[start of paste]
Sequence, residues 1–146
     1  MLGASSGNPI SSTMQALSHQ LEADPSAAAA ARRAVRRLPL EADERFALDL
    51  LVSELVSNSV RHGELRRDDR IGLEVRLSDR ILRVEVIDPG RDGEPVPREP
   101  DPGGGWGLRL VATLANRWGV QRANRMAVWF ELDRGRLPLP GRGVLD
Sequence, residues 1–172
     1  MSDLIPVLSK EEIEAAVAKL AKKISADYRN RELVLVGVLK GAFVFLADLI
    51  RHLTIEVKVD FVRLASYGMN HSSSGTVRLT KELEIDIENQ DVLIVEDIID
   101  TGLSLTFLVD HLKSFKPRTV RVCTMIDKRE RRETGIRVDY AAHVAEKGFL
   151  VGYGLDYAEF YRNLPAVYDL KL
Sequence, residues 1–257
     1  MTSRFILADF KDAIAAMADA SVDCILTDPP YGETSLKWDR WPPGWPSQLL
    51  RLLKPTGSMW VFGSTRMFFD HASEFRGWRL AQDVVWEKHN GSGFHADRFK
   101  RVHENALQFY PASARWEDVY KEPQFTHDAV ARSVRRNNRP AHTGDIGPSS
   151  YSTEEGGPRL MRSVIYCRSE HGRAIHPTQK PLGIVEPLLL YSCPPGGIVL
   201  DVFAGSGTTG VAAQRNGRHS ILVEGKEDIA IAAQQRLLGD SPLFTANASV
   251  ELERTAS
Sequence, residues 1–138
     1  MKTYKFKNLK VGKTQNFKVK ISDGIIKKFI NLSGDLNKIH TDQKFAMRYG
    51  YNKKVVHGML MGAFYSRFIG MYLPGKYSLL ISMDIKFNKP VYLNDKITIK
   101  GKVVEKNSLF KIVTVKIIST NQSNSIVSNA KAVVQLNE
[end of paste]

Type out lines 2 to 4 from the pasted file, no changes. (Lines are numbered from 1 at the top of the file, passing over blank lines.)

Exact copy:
     1  MLGASSGNPI SSTMQALSHQ LEADPSAAAA ARRAVRRLPL EADERFALDL
    51  LVSELVSNSV RHGELRRDDR IGLEVRLSDR ILRVEVIDPG RDGEPVPREP
   101  DPGGGWGLRL VATLANRWGV QRANRMAVWF ELDRGRLPLP GRGVLD